All the above is standard technology investment rubrics, i.e. "Technology Investments 101". But our question concerns BPM and RPA specifically. They are not just any technologies. The question of technology investment is more important where BPM and RPA are concerned than with ("even all"!) other technologies. Let's not miss the absolute uniqueness of BPM and RPA, and especially BPM.

Business process management software technology (“BPM”) is the technology for automating the work of business. By definition, in BPM automation technology, and only in that technology, concepts of work and process are first-class citizens of that technology. So when one is considering technology investment, consider that the stakes are much clearer and much higher when the technology investment under scrutiny is THE technology of automation and productivity.

For a full exploration of the uniqueness and importance of BPM process automation technology, please see my article series on BPM.com: Why BPM Is Unique & Important: Part 1 - One Technology of Work.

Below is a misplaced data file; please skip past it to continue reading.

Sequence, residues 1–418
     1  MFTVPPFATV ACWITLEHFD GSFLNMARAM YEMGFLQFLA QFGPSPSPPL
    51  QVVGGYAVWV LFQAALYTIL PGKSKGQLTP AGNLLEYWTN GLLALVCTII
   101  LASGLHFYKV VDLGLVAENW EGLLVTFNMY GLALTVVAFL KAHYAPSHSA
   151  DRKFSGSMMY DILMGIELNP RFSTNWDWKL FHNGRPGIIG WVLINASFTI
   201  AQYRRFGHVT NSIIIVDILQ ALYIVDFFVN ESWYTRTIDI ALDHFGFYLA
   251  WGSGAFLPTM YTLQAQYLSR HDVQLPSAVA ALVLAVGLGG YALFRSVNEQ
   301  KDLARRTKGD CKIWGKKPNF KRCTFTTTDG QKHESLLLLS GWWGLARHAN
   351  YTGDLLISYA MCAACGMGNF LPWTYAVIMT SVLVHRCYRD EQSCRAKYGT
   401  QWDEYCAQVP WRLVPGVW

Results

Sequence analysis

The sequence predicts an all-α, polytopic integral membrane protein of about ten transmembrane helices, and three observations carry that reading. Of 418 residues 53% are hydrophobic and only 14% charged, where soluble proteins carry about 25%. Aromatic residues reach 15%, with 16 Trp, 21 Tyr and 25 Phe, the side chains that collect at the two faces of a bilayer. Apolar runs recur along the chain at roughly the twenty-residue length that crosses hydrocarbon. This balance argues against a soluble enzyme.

Comment
@John .. I was interested in 'productivity' vs 'efficiency' vs 'effectiveness' and found this . . .

"Effectiveness is doing the right things; efficiency is doing things in a right way; and productivity is doing right things in a right way. (Productivity = Effectiveness + Efficiency)"

Do you agree?
@Walter -- The typical definition of productivity is "ratio of output value to input costs", e.g. applied to human labour. From an economics perspective, there is no "right way" -- the right way and even "the right thing" evolves over time, under conditions of competition. Insofar as BPM concerns automation and productivity, BPM concerns the organization of work such that productivity improves, i.e. due to better efficiency. As part of a BPM program, an organization may also engage in re-engineering, the better to avoid the anti-pattern of "paving the cow path". In this case, the "right way" evolves.